This lecture examines the role and meanings of the word vocation in Milton's life-long meditation on (and concern for) what it means to be chosen by God. Milton's profound anxiety in the years following his graduation from Cambridge regarding his poetic career and, more specifically, his status as a Christian poet selected by God for greatness is outlined. The topic is traced through Milton's polemical treatise The Reason of Church Government, the poem Ad Patrem, and the author's correspondence. Particular emphasis is placed on Milton's interpretations of the parable of the talents and the parable of the workers in the vineyard. Substantial context on the nature of election and salvation is supplied from the writings of John Calvin and Max Weber.
04 - Poetry and Virginity
Milton's first publication, A Mask Presented at Ludlow Castle, is examined. Milton's vision of a poet's heaven in Ad Patrem, paired with the letter to Charles Diodati, with its particular emphasis on the need for chastity in poets, is used as a springboard to a discussion of the depiction of sexual ideals in the masque. Revelation 14, 1 Corinthians, and the Apology for Smectymnuus are also discussed at length, as are the poet's biography and the history of the masque's title.
05 - Poetry and Marriage
This second lecture on Milton's masque probes its complex depictions of virginity and chastity. The version of the masque performed in 1634 is compared with the published version of 1637, with particular emphasis on a monologue on the vanquishing powers of virginity that is created for the latter. The poet's commonplace book, specifically his notes on the self-mutilation of the medieval nuns of Coldingham, is linked to images of the body in the masque. Milton's gradual revision of his initial position favoring life-long virginity is described in detail.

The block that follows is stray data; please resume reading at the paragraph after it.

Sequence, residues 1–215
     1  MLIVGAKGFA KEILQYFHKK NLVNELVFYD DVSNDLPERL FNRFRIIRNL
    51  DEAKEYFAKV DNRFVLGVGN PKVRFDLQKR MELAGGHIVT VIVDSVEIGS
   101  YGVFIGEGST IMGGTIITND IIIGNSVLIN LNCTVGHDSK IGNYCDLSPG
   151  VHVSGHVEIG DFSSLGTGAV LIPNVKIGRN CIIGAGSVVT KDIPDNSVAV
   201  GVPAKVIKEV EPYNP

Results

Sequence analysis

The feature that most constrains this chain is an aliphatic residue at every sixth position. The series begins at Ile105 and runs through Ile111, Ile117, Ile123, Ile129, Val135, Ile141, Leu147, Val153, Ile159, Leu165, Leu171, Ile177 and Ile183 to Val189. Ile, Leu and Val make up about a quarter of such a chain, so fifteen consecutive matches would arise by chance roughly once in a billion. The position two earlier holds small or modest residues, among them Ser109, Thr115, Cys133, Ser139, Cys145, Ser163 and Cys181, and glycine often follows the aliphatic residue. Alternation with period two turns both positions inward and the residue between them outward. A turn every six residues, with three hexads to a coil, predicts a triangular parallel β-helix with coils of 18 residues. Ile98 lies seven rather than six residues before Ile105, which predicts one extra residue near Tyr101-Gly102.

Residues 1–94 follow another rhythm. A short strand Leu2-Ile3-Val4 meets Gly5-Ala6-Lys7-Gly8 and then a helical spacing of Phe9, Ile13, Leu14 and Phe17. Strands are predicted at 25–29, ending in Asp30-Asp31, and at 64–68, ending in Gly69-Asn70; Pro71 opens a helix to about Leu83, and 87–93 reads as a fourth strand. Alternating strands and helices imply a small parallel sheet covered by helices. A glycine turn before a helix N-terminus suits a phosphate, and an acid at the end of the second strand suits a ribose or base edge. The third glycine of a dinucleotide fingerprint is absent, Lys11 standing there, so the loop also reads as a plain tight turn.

06 - Lycidas
Milton's poem Lycidas is discussed as an example of pastoral elegy and one of Milton's first forays into theodicy. The poetic speaker's preoccupation with questions of immortality and reward, especially for poets and virgins, is probed. The Christian elements of the poem's dilemma are addressed, while the solution to the speaker's crisis is characterized as erotic and oddly paganistic, pointing towards the heterodox nature of much of Milton's thinking.
Excellent prep for my high school course!